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20 Jun

Vriend Continues To Affect Couples Adoption Plans

Posted in Uncategorized on 20.06.13 by Merlyn

Thousands of Albertans pleaded with the Klein government to invoke the notwithstanding clause in Section 33 of the charter, and override the judgment. They feared an onslaught of gay rights’ cases that would revolutionize traditional family and marriage law in the province.

hoaAt the time, Premier Ralph Klein dismissed the widely-held legal opinion that Vriend would lead to gay marriage and adoption. The premier tried to placate critics by setting up a cabinet task force to study family, marriage and education laws that would need “fencing” from future court rulings. This task force, composed of ministers Stockwell Day, Jon Havelock and Shirley McClellan, was supposed to report to caucus within six to eight weeks. After no word emerged from the committee for seven months, Justice Minister Havelock admitted October 15 that they would not be reporting before early 1999.

Meanwhile, homosexual activists are moving ahead with their agenda. The Calgary lesbians plan to challenge the definition of spouse under Section 59 (3) of the Child Welfare Act. The child-bearing lesbian in each couple became pregnant through artificial insemination from anonymous donors, and each has a son–one is 12, the other four. Adoption would provide the legal benefits of custody, access and child support for each mother’s girlfriend, as well as medical input and custodial rights in case of death.

Their chance of winning the case may be enhanced by another gay rights case currently before the Supreme Court. The controversial M. v. H. case revolves around the issue of same-sex “spousal” benefits. M. and H. were lesbian partners in Ontario who split up in 1992. They had acquired business and residential property together, and neither wanted to part with the commonly-held assets. One also wanted spousal support. The Ontario Court of Appeal held that the term spouse includes people in homosexual relationships, and concluded they should receive spousal benefits. The case was appealed last year to the Supreme Court.

hsaBehind the legal wrangling lies a potential social disaster, according to several pro-family groups. “Obviously, we are not in favour of taking children away from their natural mothers even if they are lesbians,” says Hermina Dykxhoorn, executive director of the Alberta Federation of Women United for Families. “However, children need to have the characteristics that both men and women bring to marriage and family. Studies show that families without men have children with higher dropout rates, earlier sexual activity, and an increased use of drugs and alcohol.”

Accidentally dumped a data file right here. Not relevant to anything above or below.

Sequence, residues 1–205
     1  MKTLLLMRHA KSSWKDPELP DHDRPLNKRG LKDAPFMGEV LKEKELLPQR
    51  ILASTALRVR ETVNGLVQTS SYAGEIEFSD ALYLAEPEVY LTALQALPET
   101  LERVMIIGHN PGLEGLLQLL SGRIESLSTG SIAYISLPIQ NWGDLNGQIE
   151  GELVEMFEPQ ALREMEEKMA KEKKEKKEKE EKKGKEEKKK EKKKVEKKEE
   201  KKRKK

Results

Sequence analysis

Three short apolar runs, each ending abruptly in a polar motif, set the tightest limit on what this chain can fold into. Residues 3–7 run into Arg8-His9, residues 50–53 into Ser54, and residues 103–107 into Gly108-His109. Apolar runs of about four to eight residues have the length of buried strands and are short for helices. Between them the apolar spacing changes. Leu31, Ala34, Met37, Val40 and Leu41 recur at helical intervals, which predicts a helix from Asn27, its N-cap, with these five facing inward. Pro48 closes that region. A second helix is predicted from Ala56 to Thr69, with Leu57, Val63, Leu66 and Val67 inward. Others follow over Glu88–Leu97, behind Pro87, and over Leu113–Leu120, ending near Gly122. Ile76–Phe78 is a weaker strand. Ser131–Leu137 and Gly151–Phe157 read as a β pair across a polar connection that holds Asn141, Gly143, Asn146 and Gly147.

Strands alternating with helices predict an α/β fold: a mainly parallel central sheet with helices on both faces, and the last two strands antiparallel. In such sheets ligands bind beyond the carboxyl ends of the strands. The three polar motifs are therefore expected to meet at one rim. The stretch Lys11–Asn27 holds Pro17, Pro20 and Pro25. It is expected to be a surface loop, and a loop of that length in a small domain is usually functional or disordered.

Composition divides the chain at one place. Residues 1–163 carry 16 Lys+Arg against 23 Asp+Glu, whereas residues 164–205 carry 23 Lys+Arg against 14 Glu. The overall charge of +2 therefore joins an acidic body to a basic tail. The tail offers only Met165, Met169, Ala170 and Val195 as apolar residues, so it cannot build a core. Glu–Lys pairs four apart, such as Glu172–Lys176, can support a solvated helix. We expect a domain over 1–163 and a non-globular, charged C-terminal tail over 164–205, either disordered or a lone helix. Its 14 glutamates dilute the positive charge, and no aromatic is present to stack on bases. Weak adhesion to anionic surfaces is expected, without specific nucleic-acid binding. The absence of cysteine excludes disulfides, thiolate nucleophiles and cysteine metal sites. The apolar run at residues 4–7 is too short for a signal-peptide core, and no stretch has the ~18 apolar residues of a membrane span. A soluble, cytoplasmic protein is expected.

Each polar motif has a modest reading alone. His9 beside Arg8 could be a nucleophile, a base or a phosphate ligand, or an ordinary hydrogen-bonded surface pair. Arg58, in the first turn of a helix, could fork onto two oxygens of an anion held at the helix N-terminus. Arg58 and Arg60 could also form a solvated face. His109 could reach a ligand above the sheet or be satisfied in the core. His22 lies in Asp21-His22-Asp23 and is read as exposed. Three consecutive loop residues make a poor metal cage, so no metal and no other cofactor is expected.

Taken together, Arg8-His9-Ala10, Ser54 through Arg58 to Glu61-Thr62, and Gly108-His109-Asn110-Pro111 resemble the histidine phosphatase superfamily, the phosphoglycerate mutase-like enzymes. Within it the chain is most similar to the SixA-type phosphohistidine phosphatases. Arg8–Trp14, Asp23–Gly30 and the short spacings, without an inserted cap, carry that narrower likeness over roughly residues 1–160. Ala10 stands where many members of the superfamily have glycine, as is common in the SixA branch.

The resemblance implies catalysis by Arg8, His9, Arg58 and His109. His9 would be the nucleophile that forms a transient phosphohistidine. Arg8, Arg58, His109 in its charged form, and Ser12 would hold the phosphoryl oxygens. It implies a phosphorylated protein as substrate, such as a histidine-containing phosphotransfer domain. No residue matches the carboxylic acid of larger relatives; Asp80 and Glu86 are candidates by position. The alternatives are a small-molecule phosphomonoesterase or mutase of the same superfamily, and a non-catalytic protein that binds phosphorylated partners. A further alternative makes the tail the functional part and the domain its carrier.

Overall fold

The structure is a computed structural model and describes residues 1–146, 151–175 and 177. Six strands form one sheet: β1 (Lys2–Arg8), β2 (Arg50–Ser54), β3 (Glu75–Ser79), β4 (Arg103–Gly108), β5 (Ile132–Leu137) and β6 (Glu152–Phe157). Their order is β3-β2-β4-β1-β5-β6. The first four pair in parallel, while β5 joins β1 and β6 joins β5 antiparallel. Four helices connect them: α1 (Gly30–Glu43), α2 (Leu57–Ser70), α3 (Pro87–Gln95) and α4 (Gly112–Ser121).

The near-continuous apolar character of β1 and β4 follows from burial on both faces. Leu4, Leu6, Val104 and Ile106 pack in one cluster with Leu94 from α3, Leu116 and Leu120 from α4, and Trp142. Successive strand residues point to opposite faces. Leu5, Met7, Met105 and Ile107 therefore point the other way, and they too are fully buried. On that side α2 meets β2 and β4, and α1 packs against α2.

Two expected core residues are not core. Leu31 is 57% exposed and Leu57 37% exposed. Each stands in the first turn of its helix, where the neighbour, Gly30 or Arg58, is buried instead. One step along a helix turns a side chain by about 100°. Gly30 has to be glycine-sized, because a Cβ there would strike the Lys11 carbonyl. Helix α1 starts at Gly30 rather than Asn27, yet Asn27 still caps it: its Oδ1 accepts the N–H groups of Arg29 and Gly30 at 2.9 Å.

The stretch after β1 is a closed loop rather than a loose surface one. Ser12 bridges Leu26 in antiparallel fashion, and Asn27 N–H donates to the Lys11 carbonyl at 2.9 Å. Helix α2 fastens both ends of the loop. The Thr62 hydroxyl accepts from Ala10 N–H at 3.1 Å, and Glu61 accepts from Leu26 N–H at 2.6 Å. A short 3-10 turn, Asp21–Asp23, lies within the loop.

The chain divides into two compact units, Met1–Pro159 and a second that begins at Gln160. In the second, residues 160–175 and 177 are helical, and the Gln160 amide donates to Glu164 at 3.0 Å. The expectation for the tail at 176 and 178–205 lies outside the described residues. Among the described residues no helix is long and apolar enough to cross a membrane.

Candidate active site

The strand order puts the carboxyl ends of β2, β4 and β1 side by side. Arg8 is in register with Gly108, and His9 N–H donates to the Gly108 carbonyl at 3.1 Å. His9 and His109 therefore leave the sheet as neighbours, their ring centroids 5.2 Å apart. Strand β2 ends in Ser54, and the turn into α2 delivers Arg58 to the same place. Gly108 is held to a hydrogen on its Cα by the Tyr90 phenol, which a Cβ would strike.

Brian Rushfeldt, executive director of the Canadian Family Action Coalition, adds: “We are totally opposed to putting same sex in spousal law. Natural marriages and families are the basis for society, and we believe that the best interest of children is to have a mother and a father in a married committed relationship.”

A study last fall by psychologist Mark Genuis, director of the National Foundation for Family Research in Calgary, found little reliable data on the effects of homosexual parenting, and advocated a “kids first” policy to continue the ban on “unconventional” fostering. That report was commissioned by Social Services Minister Lyle Oberg after Morinville-area lesbian Teresa O’Riordan challenged Alberta Family and Social Services for prohibiting her from foster parenting. Her case at the Edmonton Court of Queen’s Bench was adjourned this month.

Rainer Knopff, a political science professor at the University of Calgary, thinks a stable homosexual union, in the form of legal “marriage,” is preferable to unstable relationships. “It’s possible for society at large to prefer heterosexual marriage without disapproving of stable homosexual relationships,” he says. “The crucial thing is that in return for granting societal benefits to homosexual relationships there have to be some mutual obligations and responsibilities.” Professor Knopff believes that Vriend alone will not open the door to lesbian adoptions, but that the province will proceed according to M. v. H.

The Alberta Legislature has yet to build any of Mr. Klein’s “fencing” legislation, but Liberal social services critic Linda Sloan believes the two couples should not be discriminated against. In an Edmonton Journal interview she said: “They should be treated in the same fair and non-discriminatory manner all other citizens are afforded.” But Tory MLA Ron Hierath disagrees. He plans to speak against any court decision that legitimatizes the homosexual lifestyle in public policy, and he wants the government to begin formulating its response now. “With these court cases pending we better not get caught reacting again to the court’s decisions.